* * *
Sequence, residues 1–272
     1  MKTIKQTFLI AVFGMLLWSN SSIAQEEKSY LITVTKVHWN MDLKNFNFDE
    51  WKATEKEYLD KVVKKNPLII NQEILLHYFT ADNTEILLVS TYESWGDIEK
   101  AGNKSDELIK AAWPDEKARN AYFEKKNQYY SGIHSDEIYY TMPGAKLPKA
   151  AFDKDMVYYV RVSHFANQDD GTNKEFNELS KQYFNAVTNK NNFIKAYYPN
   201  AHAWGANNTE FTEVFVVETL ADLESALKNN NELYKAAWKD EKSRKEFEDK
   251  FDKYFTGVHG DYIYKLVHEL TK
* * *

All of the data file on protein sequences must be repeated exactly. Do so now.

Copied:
Sequence, residues 1–272
     1  MKTIKQTFLI AVFGMLLWSN SSIAQEEKSY LITVTKVHWN MDLKNFNFDE
    51  WKATEKEYLD KVVKKNPLII NQEILLHYFT ADNTEILLVS TYESWGDIEK
   101  AGNKSDELIK AAWPDEKARN AYFEKKNQYY SGIHSDEIYY TMPGAKLPKA
   151  AFDKDMVYYV RVSHFANQDD GTNKEFNELS KQYFNAVTNK NNFIKAYYPN
   201  AHAWGANNTE FTEVFVVETL ADLESALKNN NELYKAAWKD EKSRKEFEDK
   251  FDKYFTGVHG DYIYKLVHEL TK